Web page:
Avast Faces $16.5m Fine for Unlawfully Selling User Browsing Data

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UK-based cybersecurity firm Avast will be fined $16.5m by the US Federal Trade Commission (FTC) for selling customer web browsing data to third parties.

This broke Avast promises that its products would protect customers from online tracking, according to the consumer protection agency.

Under the proposed consent order, Avast will also be prohibited from selling or licensing any web browsing data for advertising purposes, and is expected to provide redress to customers.

Avast Unlawfully Sold User Data

The FTC order found that the company has collected consumers’ browsing information through Avast browser extensions and antivirus software installed on their computers and mobile devices since at least 2014.

This information included:

  • The URLs of webpages visited
  • The URLs of background resources, such as images pulled from domains other than the displayed URL
  • Consumers’ search queries
  • The value of cookies placed on consumers’ computers by third parties

These insights could reveal highly sensitive information about users, including their religious beliefs, political views and financial status.

The FTC said this data was stored indefinitely and sold without adequate notice and without consumer consent.

For example, products like browser extensions and desktop software could be installed without viewing any disclosures about Avast’s collection or sale of browsing information or seeing a link to the company’s privacy policy.

The order also argued that Avast deceived customers by making representations that its software would protect consumers’ privacy by blocking third party tracking.

This includes claims that the vendor would “block annoying tracking cookies that collect data on your browsing activities.”

In total, Avast is believed to have sold consumer browsing data to over 100 third parties through its subsidiary, Jumpshot. These third parties included consulting firms, investment companies, advertising companies, marketing data analytics companies and search engine optimization firms.

Jumpshot was a competitor anti-virus software provider acquired by Avast in 2013. It subsequently rebranded as an analytics company.

Avast and Jumpshot purported to find and remove identifying information prior to each transfer of consumer browsing data via a proprietary algorithm developed by Avast.

However, the FTC said this process was not sufficient to anonymize consumers’ browsing information, which Jumpshot then sold in non-aggregate form.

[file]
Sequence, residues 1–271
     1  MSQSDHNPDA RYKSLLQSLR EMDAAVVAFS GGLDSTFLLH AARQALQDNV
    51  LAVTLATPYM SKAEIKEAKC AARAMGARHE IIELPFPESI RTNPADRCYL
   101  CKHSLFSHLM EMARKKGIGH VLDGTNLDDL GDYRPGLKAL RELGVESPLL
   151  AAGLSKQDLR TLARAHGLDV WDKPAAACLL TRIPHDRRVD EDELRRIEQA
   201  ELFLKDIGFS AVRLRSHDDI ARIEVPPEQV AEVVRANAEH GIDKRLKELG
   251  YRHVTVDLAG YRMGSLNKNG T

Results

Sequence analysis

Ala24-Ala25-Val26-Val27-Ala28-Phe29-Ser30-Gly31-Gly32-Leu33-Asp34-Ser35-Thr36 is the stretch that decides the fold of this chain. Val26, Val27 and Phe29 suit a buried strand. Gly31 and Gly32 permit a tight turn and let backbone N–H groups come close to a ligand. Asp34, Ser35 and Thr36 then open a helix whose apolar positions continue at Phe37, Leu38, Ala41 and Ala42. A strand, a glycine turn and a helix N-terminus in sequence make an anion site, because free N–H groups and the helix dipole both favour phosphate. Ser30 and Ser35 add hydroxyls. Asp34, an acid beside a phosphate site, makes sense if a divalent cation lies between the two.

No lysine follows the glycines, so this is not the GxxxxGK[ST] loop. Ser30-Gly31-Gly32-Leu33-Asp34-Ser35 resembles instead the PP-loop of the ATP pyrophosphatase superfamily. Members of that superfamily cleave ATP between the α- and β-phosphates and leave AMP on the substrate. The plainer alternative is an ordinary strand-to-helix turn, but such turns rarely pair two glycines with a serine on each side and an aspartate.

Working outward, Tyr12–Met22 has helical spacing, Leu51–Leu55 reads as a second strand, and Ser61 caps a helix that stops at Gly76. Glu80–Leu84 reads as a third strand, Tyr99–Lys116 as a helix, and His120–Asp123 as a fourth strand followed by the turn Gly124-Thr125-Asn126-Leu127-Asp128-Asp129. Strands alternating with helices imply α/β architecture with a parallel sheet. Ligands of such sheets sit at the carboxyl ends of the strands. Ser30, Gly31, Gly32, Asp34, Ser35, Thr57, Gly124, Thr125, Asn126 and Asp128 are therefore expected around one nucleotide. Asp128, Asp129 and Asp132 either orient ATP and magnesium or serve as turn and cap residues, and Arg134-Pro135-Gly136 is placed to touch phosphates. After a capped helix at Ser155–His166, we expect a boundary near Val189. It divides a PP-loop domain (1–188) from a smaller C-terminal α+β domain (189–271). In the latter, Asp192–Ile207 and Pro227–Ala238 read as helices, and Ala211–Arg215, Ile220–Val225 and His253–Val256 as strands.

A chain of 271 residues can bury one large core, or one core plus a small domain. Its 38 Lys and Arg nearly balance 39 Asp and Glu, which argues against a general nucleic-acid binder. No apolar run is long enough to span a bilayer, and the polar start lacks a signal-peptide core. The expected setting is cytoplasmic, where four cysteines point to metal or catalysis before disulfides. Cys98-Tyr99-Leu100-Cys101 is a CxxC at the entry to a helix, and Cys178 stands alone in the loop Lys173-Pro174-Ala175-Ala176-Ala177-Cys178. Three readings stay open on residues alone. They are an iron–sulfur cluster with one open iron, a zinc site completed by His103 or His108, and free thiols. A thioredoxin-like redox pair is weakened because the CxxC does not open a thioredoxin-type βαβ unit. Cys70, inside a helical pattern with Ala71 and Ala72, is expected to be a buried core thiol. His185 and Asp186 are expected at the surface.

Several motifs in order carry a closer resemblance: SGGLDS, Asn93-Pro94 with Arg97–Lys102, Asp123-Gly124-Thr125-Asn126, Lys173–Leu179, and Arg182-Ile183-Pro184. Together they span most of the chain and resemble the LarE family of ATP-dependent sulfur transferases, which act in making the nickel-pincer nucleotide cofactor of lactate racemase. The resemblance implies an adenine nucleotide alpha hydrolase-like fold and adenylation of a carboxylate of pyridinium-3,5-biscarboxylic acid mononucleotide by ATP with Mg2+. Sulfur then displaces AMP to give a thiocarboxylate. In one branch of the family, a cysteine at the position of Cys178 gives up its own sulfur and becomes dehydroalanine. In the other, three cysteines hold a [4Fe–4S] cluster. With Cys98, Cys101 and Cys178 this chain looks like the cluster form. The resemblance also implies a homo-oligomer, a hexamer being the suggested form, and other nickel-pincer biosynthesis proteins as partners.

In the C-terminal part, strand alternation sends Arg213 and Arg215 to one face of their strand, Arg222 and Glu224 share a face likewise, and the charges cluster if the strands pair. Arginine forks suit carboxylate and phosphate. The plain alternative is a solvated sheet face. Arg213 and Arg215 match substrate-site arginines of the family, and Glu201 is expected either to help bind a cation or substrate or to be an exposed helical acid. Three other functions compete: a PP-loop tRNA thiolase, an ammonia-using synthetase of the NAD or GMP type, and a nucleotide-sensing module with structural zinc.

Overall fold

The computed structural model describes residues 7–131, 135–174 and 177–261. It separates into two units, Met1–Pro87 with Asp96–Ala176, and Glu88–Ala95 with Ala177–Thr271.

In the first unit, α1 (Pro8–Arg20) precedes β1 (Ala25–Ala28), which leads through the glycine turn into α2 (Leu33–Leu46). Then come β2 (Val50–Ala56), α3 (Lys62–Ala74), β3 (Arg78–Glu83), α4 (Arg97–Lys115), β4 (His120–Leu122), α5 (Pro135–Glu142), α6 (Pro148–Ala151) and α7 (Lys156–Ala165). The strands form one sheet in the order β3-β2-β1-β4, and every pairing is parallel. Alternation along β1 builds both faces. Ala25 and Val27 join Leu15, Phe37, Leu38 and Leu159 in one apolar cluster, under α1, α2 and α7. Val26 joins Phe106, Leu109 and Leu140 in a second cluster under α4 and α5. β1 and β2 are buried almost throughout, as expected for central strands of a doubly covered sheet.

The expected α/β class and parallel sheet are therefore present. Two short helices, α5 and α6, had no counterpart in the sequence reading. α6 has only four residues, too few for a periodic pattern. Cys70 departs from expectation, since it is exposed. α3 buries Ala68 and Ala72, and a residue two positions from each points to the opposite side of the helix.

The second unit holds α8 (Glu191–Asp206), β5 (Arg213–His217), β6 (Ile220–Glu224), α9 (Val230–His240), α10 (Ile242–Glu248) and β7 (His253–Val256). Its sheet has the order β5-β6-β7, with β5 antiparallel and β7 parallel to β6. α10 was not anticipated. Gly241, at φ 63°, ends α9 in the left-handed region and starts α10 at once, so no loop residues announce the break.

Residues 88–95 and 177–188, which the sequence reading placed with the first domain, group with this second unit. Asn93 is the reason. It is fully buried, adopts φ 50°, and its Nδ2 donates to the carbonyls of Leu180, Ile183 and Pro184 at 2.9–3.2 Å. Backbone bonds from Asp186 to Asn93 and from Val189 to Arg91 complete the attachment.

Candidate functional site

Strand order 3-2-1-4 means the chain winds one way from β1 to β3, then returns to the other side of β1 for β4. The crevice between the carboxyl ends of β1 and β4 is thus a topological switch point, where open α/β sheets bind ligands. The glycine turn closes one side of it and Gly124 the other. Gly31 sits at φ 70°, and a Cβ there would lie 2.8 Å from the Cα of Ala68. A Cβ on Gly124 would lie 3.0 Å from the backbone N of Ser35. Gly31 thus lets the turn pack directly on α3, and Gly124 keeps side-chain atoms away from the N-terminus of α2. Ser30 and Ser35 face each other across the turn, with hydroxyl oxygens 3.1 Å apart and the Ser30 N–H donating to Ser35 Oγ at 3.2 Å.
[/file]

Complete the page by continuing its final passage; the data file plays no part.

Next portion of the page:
Jumpshot allegedly entered unique contracts with large data buyers to provide a large number of custom data feeds that permitted invasive uses of consumers’ browsing information. This includes an agreement with advertising giant Omnicom to provide an “All Clicks Feed” for 50% of its customers in the US, UK, Mexico, Australia, Canada, and Germany.

Its actions were found to have breached the Federal Trade Commission Act on several counts.

Samuel Levine, Director of the FTC’s Bureau of Consumer Protection, commented: “Avast promised users that its products would protect the privacy of their browsing data but delivered the opposite.

“Avast’s bait-and-switch surveillance tactics compromised consumers’ privacy and broke the law.”

Other Required Remediations for Avast

In addition to the fine and ban on selling web browsing data, Avast will be required to:

  • Inform consumers whose browsing information was sold to third parties without their consent about the FTC’s actions against the company
  • Delete the web browsing information transferred to Jumpshot
  • Implement a comprehensive privacy program that addresses the misconduct highlighted by the FTC
  • Obtain affirmative express consent from consumers before selling or licensing browsing data from non-Avast products to third parties for advertising purposes

The FTC will publish a description of the consent agreement package shortly, which will be subject to public comment for 30 days in the Federal Register.

After this period, the Commission will decide whether to make the proposed consent order final.

In a statement responding to the FTC’s order, Avast said: "While we disagree with the FTC's allegations and characterisation of the facts, we are pleased to resolve this matter and look forward to continuing to serve our millions of customers around the world."

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